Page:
To see an artist’s progress and growth from one release to the next can be a truly inspiring event. Such is the case with Stephanie Sante’s 2001 Immaculate Conceptions release as compared to her earlier notable release. Sante’s newest creation is light years, infinite spaces, and billions of parsecs ahead of anything I have previously heard by her. The awesome sound-visions she has sculpted have propelled her, (in light of my well-trodden listening paths), upward to the hallowed ranks of the top synth artists on the planet. Sante can safely rest as accomplished and highly successful with the release of Immaculate Conceptions.
On “Radiance” and “Twilight” one can easily find themselves adrift, rapt in swoon, and transported into regions of deepest dream-moment. With “Rainmakers” things are more Native American-esque and percussive – lively. On the plateau of “Giza” yet another region and time’s peoples are brought alive again – the dawn illuminates the Great Pyramid – Ka rises – ghostly boats drift among ancient ruins – echoes of forgotten rites drift across the eons – I see god-kings and the shadows of Anubis. Only Sante’s music so paints such a vivid memory. You can feel a deep awe cast upon the sun-scorched desert lands so long ago Egypt’s mysteries reigned. It continues with the somber tones of “Iridescence” where Sante employs very unique synth voicings and midi-guitar strummings to evoke jeweled places regal – the courts of opulence and leisure seem near.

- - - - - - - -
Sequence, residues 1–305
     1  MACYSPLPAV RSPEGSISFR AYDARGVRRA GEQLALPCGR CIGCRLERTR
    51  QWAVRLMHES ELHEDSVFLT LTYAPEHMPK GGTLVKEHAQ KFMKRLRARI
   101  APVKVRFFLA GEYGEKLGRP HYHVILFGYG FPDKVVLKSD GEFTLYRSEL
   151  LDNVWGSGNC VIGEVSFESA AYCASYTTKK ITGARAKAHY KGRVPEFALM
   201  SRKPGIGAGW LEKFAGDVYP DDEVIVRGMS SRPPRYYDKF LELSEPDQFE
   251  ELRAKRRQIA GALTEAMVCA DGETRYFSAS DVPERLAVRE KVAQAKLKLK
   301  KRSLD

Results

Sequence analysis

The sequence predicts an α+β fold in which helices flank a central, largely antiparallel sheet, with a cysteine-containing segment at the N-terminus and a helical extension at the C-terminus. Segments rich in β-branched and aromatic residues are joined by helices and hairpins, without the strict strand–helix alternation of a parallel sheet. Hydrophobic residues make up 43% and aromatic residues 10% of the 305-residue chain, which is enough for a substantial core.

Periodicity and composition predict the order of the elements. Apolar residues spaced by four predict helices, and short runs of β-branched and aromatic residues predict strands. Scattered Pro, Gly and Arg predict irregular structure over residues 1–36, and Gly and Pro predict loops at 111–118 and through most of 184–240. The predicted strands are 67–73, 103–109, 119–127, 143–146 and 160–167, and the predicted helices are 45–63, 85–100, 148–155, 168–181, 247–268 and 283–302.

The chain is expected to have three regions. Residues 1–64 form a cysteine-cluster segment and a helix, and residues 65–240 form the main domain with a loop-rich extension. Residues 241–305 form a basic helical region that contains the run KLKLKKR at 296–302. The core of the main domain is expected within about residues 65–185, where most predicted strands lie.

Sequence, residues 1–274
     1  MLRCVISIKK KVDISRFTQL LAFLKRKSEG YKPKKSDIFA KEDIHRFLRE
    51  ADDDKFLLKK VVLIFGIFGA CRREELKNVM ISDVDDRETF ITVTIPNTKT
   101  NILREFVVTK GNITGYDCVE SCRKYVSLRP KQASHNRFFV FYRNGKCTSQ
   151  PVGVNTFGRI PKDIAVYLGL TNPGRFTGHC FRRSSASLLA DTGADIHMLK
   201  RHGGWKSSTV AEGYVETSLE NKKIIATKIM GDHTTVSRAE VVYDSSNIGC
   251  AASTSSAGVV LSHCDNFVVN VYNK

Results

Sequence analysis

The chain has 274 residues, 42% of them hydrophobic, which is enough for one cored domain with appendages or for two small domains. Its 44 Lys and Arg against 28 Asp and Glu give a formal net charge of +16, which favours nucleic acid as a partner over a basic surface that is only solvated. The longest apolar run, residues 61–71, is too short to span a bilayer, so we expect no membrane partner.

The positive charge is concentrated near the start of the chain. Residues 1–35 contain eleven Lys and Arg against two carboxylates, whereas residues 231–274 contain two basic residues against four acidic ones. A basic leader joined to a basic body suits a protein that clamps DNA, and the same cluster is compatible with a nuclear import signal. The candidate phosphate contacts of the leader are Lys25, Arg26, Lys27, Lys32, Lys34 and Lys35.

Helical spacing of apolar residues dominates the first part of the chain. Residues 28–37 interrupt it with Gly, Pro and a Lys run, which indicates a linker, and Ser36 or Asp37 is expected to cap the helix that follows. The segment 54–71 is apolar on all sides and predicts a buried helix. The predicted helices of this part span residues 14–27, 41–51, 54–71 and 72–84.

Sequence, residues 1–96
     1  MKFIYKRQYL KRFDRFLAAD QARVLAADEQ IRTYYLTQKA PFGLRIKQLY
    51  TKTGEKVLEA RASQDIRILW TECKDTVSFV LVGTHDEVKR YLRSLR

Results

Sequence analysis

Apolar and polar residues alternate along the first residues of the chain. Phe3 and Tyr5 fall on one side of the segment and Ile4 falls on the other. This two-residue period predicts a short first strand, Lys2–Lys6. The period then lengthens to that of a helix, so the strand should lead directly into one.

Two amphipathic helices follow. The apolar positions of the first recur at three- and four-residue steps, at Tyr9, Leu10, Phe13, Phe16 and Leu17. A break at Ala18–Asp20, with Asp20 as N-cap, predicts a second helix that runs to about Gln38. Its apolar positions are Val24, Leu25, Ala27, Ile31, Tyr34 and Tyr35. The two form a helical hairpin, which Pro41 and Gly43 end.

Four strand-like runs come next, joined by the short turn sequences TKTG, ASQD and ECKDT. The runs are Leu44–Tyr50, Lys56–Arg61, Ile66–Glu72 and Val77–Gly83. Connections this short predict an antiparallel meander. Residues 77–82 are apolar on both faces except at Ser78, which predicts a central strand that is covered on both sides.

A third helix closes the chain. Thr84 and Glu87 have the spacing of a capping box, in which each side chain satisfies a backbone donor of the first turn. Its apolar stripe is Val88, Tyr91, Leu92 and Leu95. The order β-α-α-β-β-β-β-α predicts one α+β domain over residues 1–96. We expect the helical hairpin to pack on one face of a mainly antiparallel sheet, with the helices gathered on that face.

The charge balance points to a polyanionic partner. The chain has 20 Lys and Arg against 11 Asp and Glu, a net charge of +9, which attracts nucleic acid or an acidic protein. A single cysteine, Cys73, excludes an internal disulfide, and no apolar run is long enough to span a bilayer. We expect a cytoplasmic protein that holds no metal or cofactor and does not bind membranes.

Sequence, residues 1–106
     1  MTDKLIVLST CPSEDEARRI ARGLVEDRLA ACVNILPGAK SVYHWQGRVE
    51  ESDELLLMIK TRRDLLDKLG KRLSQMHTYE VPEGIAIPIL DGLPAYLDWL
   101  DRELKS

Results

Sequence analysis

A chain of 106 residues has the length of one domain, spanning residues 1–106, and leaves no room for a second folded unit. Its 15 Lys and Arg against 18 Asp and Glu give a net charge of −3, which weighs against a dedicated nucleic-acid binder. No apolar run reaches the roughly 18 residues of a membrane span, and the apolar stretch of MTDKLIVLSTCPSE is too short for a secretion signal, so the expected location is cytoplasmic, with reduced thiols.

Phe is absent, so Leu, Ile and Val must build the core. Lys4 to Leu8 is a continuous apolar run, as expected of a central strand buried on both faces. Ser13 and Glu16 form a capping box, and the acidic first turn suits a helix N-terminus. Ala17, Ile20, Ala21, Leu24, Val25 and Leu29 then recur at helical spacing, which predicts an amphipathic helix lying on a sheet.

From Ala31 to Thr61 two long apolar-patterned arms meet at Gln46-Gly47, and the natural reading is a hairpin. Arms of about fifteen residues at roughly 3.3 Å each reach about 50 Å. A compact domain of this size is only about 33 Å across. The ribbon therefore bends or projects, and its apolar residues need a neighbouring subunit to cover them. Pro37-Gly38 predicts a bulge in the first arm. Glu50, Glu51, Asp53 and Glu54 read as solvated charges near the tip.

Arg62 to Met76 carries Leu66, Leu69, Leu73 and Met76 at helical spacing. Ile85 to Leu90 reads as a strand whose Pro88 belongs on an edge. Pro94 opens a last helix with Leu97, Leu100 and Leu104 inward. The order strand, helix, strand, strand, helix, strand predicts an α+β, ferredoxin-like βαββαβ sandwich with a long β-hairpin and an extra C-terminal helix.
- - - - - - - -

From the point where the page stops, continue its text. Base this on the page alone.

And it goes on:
I shall cease here, to not “overdo” my praise for a must-have release. Nor will I reveal all the great joys one can discover in their own listen to Immaculate Conceptions. Discover Stephanie Sante’s vision – all over again! Recommended to roam inner worlds majestically.
I was first exposed to jazz when I discovered that one of Jimi Hendrix's influences was Wes Montgomery. I played guitar growing up and idolized Hendrix, so I knew that anyone he looked up to must be good
I was first exposed to jazz when I discovered that one of Jimi Hendrix's influences was Wes Montgomery. I played guitar growing up and idolized Hendrix, so I knew that anyone he looked up to must be good. I was 16 at the time. I went to Tower Records and purchased a CD by Wes, and I was hooked from the very first ten seconds. The sound of the song Lolita illuminated my bedroom, as I just sat back amazed at how colorful and soulful this music was--I understood it, even though at the time I didn't understand how to go about playing it. I get chills listening to Wes' solo on Lolita, and I can still listen to that song ten times in a row and never get tired of it. There is a truly timeless quality to genuinely spontaneous jazz music, and it is that quality that has inspired me to devote my life to studying and playing this music.